All was not lost however since during the famine he became religiously awakened (Dharwadker 92). He became a devout follower of Vitthala of Pandharpur from the Vaisana pantheon [Vitthala was an avatar of Krsna] (Dharwadker 92). At this point he retired to a mountain known as Bhambanath and meditated. It was here that Krsna appeared before him in serpent form (Abbott 83). Some deemed Tukaram mad, and when he returned to his family his business fell apart (Abbott 94). According to devotional texts his wife who had become sick of living in poverty attempted to murder Tukaram, however, he cursed her with boils and she relented (Abbott 228).

After Tukaram’s awakening he began to gather a great number of followers during the next 15 years (Dharwadker 93). Tukaram’s initial fame among the people was due to the skill of how he presented his bhajana and katha works (Fraser & Marathe 1). A bhajana is a hymn in praise of deity while a katha is a sermon regarding the contents of a sacred work that has hymns inserted into it (Fraser & Marathe). Despite his vast popularity, Tukaram’s criticism of Hindu rituals and social mores are cited for the causing outrage among the Ksatriya and Brahman castes (Dharwadker 93). Devotional texts, by contrast, note that his miracles were actually the cause of the unrest among the upper castes (Fraser & Marathe).

His main antagonists were Ramesvar Bhatt, a Brahmin priest, and Mumbaji Gosavi (Fraser & Marathe 1). Ramesvar Bhatt ordered Tukaram’s exile and had all his books thrown into a river. In the devotional texts one of the first miracles to occur after his awakening was the books’ miraculous recovery nearly thirteen days after their disposal into the river (Abbott 213). Tukaram then returned from exile and Ramesvar stopped antagonizing him after this miracle occurred (Fraser & Marathe). Devotional texts cannot agree on whether Tukaram simply forgave Ramesvar for his actions (Fraser & Marathe) or cursed Ramesvar to have a tainted body that would always burn like it was on fire, a curse which took some time to recover from (Abbott 211). However, there is further disagreement on the reason for the curse, some devotional texts claim that the curse was actually placed on Ramesvar for an unrelated fouling of a ceremonial pool (Abbott 209). His other antagonist Mumbaji Gosavi assaulted him physically (Dhawadker 92). Tukaram eventually overcame these enemies and gained enough renown that a king named Shivaji invited him to reside in his palace in Raigad. However Tukaram refused the generous offer and simply advised him on how to run his kingdom better (Fraser & Marathe 2).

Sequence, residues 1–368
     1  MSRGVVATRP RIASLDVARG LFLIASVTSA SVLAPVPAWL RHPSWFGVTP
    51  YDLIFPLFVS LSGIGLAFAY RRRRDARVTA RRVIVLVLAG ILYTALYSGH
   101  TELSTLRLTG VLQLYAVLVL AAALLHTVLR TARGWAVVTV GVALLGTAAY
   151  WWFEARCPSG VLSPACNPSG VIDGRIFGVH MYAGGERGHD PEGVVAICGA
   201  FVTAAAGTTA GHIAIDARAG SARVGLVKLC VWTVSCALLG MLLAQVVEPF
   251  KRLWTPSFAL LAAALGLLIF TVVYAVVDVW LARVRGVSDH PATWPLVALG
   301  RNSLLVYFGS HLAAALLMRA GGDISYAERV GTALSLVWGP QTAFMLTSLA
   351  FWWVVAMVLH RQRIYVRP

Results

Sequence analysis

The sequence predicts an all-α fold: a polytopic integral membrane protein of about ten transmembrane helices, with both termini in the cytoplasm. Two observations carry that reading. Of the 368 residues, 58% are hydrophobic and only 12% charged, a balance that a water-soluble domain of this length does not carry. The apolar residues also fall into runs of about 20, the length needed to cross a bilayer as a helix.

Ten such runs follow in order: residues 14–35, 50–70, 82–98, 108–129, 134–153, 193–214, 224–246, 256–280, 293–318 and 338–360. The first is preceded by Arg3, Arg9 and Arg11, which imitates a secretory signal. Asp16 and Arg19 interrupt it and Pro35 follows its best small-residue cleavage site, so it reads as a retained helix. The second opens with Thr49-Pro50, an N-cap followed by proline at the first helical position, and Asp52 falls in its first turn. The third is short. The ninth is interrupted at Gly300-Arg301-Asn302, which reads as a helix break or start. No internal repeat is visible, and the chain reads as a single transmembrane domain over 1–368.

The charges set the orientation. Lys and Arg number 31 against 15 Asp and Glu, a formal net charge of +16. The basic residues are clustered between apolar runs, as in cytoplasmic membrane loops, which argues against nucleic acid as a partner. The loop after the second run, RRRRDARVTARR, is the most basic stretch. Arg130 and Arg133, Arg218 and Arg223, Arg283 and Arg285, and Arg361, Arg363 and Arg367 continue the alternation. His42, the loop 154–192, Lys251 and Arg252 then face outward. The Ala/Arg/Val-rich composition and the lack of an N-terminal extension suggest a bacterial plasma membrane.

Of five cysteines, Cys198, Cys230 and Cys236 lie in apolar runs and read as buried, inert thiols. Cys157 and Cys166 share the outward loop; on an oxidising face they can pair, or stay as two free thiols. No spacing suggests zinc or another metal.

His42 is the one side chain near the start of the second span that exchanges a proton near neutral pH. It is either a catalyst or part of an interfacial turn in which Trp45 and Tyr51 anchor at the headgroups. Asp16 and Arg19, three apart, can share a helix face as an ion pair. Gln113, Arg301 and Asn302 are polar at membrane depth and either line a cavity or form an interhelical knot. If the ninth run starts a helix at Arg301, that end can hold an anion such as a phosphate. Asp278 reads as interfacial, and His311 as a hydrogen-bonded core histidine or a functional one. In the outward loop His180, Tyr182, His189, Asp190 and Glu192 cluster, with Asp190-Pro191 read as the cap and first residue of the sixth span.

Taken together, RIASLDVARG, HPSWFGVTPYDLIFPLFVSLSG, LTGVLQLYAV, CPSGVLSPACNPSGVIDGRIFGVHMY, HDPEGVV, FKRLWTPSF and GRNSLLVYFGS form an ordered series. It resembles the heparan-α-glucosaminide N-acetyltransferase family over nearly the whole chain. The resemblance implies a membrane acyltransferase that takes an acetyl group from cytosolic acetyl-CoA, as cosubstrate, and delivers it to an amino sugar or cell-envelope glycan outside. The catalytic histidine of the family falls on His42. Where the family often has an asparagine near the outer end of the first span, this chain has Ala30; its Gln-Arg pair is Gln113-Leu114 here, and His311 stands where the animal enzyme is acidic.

Tukaram’s numerous miracles have been recorded in devotional texts about his life. The main text in regards to Tukaram’s deeds is Mahipati’s Bhaktalilamrita in chapters 25-40. While Tukaram may seem larger than life to us, one must keep in mind that many of his miracles are no different from those performed by the figures of Christianity and Islam; Jesus of Nazareth and Muhammad. According to the devotional text Bhaktalilamrita, there were numerous miracles that Tukaram performed during his life and some of the more notable ones had considerable effects on those around him. One of Tukaram’s first minor miracles was taming a fierce dog that had killed a few local men. After taming the dog it became loyal to him (Abbott 243). Another minor miracle was creating oil for a Brahmin couple that he was visiting and whose lamp oil had run out (Abbott 265). Tukaram created an Abhang that could cure demonic possession and used it to cast out a demon from a possessed person (Abbott 248). Tukaram changed a well of brackish water in fresh water for a village (Abbott 263). Tukaram also apparently could raise the dead (Abbott 266) and turn iron into gold (Abbott 265).